• Guideline (5) (Load Serving Entities With Long-Term Power Supply Arrangements Have Priority to the Existing System): We have revised this guideline in two respects. First, we have eliminated the preference for load serving entities with long-term power Start Printed Page 43568supply arrangements and replaced it with a broader preference for load serving entities in general vis-à-vis non-load serving entities. This broader preference is fully supported by the statute and better meets the needs of organized electricity markets. We believe that Congress's intent in enacting section 217 was to provide long-term firm transmission service to load serving entities and that load serving entities in general should be “first in line” for long-term transmission rights when existing capacity is limited. As originally proposed, guideline (5) could have disadvantaged load serving entities who do not engage in long-term power supply arrangements, a result that we do not believe Congress intended. Proposed guideline (5) could have also presented difficult administrative burdens for transmission organizations, including the burden of evaluating power supply contracts to determine if they qualify for the preference. In addition to addressing these concerns, broadening the preference also makes it possible for transmission organizations to apply the same basic principles for allocating long-term firm transmission rights that they currently use for the initial allocation of short-term firm transmission rights, or auction revenue rights. As a result of this change in the guideline, load serving entities will not be required to provide evidence of a long-term power supply arrangement.

We have also revised guideline (5) to allow transmission organizations to place reasonable limits on the amount of existing transmission capacity made available for long-term firm transmission rights. We have done so in recognition of the expected reluctance of transmission organizations to commit all of their existing grid capacity to long-term firm transmission rights due to uncertainty regarding load growth, changes in power flows and the full funding requirement of this Final Rule. This will also help to accommodate load serving entities that prefer short-term rights. In addition, commenters claim that the principal need for long-term firm transmission rights is to support long-term power supply arrangements for base load generation, not peaking or intermediate generation.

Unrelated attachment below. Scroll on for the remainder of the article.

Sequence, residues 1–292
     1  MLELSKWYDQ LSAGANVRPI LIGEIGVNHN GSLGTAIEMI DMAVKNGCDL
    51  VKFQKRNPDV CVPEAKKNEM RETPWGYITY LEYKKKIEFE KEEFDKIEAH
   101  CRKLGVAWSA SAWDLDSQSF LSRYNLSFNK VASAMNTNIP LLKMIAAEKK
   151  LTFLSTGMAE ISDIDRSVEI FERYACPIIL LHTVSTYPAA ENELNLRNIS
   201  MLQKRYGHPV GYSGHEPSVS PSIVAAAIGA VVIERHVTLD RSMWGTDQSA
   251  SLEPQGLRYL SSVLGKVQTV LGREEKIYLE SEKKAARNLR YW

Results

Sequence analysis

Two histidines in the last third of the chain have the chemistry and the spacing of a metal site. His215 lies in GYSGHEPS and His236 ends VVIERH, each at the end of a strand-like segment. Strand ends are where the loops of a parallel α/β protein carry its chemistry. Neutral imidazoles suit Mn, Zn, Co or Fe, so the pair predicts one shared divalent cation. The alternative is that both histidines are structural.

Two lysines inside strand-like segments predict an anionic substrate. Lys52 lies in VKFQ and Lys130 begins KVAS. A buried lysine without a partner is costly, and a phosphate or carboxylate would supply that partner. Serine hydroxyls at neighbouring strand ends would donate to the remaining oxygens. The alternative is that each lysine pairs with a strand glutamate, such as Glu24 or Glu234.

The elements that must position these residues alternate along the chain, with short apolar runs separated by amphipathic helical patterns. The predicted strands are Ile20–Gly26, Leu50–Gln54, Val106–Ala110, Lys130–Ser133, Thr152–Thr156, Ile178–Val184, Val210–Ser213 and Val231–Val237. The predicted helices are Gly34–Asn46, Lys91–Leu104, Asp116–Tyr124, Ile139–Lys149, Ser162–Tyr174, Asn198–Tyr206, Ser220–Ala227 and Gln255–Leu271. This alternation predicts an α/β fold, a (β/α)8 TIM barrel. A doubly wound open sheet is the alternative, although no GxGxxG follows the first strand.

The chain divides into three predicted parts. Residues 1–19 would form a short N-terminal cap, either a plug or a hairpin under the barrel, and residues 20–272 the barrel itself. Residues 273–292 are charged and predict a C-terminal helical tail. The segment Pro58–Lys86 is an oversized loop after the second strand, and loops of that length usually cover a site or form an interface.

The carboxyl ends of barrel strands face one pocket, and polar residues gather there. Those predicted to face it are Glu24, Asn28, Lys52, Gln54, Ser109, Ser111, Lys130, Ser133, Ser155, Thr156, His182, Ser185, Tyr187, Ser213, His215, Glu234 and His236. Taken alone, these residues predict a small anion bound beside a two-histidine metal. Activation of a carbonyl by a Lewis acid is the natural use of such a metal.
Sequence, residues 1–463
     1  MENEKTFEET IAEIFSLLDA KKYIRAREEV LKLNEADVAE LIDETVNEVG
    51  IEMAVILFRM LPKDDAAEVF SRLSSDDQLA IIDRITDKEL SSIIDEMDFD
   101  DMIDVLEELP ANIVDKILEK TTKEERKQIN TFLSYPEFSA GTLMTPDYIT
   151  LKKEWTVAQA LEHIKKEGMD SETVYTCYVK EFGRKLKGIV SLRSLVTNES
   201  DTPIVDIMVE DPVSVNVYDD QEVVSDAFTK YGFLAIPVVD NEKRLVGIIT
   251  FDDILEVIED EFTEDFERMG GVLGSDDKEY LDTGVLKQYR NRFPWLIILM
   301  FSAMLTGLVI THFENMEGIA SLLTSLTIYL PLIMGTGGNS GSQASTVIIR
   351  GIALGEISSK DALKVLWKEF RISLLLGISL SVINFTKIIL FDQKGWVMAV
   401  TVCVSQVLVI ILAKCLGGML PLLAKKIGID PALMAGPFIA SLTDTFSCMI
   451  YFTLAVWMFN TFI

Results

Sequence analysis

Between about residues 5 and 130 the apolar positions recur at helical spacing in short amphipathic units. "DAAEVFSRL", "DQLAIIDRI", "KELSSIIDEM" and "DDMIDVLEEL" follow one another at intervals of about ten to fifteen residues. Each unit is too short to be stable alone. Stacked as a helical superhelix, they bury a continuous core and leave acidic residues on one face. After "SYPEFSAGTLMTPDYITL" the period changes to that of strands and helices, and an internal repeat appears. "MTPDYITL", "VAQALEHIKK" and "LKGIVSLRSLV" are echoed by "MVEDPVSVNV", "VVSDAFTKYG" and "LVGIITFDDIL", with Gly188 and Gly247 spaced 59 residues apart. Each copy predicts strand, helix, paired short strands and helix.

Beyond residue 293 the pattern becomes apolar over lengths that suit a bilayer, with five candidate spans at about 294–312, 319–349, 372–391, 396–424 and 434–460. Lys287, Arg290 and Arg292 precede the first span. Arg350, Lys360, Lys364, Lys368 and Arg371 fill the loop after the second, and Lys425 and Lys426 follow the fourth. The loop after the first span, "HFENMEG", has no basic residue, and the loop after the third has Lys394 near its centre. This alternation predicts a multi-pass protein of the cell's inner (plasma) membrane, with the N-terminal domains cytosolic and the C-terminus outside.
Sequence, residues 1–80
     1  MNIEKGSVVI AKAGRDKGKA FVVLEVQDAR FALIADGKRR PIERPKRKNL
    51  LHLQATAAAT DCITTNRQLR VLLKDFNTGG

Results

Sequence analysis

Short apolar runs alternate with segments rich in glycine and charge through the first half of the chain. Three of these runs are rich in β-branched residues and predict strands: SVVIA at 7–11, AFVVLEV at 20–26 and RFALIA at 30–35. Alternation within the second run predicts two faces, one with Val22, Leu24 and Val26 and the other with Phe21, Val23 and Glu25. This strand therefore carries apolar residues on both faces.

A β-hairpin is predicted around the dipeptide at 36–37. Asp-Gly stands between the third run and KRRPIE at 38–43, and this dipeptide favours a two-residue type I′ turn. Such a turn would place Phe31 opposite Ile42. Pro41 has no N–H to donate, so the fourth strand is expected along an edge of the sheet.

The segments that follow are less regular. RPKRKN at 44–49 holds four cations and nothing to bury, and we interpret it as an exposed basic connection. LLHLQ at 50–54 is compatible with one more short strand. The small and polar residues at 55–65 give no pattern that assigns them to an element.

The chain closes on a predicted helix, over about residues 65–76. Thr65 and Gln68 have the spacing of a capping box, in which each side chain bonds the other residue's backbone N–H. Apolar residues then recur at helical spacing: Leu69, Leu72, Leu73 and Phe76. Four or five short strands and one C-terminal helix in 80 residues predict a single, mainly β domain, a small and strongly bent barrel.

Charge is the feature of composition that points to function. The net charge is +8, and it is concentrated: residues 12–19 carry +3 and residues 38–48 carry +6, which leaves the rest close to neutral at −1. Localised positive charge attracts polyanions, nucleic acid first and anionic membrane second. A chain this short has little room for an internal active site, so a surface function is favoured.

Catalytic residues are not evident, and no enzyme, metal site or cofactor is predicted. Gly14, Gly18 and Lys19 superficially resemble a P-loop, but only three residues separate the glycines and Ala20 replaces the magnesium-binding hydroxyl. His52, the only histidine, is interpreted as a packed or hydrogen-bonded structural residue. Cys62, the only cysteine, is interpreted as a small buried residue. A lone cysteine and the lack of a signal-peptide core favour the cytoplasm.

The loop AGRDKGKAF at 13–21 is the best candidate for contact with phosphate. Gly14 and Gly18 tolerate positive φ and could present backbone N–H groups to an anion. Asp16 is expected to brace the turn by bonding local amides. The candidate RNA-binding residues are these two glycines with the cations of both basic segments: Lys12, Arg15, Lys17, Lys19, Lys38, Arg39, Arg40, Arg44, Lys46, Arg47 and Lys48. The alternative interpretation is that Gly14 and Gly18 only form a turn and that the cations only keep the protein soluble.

• Guideline (8) (Balance Adverse Economic Impacts): We have elected not to adopt this guideline in the Final Rule. This guideline is not needed as it requires, in effect, nothing more than adherence to the FPA requirement that public utility tariffs must be just and reasonable and not unduly discriminatory. Moreover, it could have been misinterpreted to require long-term firm transmission right proposals to meet a different or higher standard, something the Commission did not intend or believe that Congress intended.
  • Definition of “Long-Term Power Supply Arrangement”: Because we have deleted the reference to “long-term power supply arrangements” from guideline (5), that term is only used in guideline (4), relating to the term of long-term firm transmission rights. The Final Rule removes the specific definition of long-term power supply arrangements proposed in the NOPR, and addresses issues related to our definition of long-term power supply arrangements under guideline (4).
  • Transmission Planning and Expansion: This Final Rule requires that each transmission organization with an organized electricity market implement transmission system planning and expansion procedures to accommodate long-term firm transmission rights that are allocated or awarded to ensure that they remain feasible over their entire term. We also require each such transmission organization to make its planning and expansion practices and procedures publicly available, including both the actual plans and any underlying information used to develop the plans.

B. Definitions

1. Organized Electricity Market

24. In the NOPR, the Commission proposed to define “organized electricity market” as “an auction-based market where a single entity receives offers to sell and bids to buy electric energy and/or ancillary services from multiple sellers and buyers and determines which sales and purchases are completed and at what prices, based on formal rules contained in Commission-approved tariffs, and where the prices are used by a transmission organization for establishing transmission usage charges.” [23] The Commission stated that it proposed this definition to ensure that the Final Rule in this proceeding applies to any transmission organization that is the transmission provider in its region and has a day-ahead and/or real-time bid-based energy market, administered by the transmission organization itself or by another entity. We sought comment on the scope of this proposed definition.

Comments